Researchers have developed a new way to shoot atomic resolution footage that has allowed them to watch the never-before-seen details of salt crystal formation and confirm long-held theories on the process.
Crystals formation takes place in a variety of ways from snowflakes to grains of salt. What makes the process of crystal formation notable for researchers is the process of growth from a disordered state into an ordered one. Nucleation, as this is called, happens when regular and repeating arrangements of molecules grow together from a sea of chaos. While a lot has been speculated about this process, what is exactly happening has only been theorized, never experimentally confirmed, until now.
The researchers used two novel techniques in order to capture the real-time footage of crystal formation: atomic-resolution real-time video and conical carbon nanotube confinement.
Atomic resolution video has been a thing for some time now, but it hasn’t been enough to just see molecules at an atomic level to confirm what is happening at the point of crystallization. As explained by Phys.org, it’s not enough to just see them at that level because the growth of a crystal is a dynamic process and the observations of developing over time are as important as the observations of the structure.
Researchers at the Department of Chemistry at the University of Tokyo managed to provide that real-time video feed by using a single-molecule atomic-resolution real-time electron microscopy technique, or SMART-EM. Thanks to the process, the researchers were able to capture the detail of the crystallization at 25 images per second.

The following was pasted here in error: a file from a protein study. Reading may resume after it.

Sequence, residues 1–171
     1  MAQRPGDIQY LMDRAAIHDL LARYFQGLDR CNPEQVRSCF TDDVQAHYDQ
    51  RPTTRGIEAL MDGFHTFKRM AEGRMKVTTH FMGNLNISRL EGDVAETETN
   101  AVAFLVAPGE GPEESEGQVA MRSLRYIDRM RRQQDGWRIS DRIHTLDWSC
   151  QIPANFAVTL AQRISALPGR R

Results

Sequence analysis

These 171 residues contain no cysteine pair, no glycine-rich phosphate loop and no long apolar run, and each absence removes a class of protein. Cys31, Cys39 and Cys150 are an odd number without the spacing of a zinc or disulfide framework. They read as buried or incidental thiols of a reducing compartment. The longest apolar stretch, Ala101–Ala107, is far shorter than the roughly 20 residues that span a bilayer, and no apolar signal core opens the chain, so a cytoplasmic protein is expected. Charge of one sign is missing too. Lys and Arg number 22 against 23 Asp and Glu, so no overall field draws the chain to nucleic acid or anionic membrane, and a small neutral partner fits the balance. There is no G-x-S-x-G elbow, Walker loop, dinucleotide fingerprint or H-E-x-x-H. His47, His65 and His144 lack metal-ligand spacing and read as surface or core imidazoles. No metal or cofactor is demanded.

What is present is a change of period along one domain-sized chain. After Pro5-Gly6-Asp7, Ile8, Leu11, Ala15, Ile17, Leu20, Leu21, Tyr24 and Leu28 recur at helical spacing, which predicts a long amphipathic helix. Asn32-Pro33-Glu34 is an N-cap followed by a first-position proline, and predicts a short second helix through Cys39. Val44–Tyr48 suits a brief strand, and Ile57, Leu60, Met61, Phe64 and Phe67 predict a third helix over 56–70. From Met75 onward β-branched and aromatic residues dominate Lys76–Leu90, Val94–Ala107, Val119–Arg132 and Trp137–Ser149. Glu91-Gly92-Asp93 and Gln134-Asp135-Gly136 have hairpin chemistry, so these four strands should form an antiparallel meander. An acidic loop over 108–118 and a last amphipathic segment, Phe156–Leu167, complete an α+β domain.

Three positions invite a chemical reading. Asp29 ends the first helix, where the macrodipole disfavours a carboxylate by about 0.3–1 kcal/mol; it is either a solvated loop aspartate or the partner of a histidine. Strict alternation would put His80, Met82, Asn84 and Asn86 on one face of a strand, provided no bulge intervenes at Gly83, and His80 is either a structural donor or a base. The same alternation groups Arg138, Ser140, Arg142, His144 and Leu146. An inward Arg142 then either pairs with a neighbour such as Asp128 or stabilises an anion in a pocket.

“One of our master’s students, Masaya Sakakibara, used SMART-EM to study the behavior of sodium chloride (NaCl)—salt,” Takayuki Nakamuro, the Project Assistant Professor says. “To hold samples in place, we use atom-thick carbon nanohorns, one of our previous inventions. With the stunning videos Sakakibara captured, we immediately noticed the opportunity to study the structural and statistical aspects of crystal nucleation in unprecedented detail.”
Nakamuro and his team were the first people ever to see the tiny crystals made up of NaCl molecules emerge from the chaotic mixture of separate sodium and chlorine ions. They immediately were ablet to see a statistical pattern in the frequency at which these crystals emerged following what is known as “normal distribution.” This process has long been theorized but this was the first time it was able to be confirmed.
“Salt is just our first model substance to probe the fundamentals of nucleation events,” says Eiichi Nakamura, the University Professor. “Salt only crystallizes one way. But other molecules, such as carbon, can crystallize in multiple ways, leading to graphite or diamond. This is called polymorphism and no one has seen the early stages of the nucleation that leads to it. I hope our study provides the first step in understanding the mechanism of polymorphism.”
As DPReview explains, polymorphism is an important process used to produce various pharmaceutical and electronic components. The full study titled Capturing the Moment of Emergence of Crystal Nucleus from Disorder can be read on the American Chemical Society website.
Image credits: Images and video via the Journal of the American Chemical Society, “Capturing the Moment of Emergence of Crystal Nucleus from Disorder” by Takayuki Nakamuro, Masaya Sakakibara, Hiroki Nada, Koji Harano, and Eiichii Nakamura.
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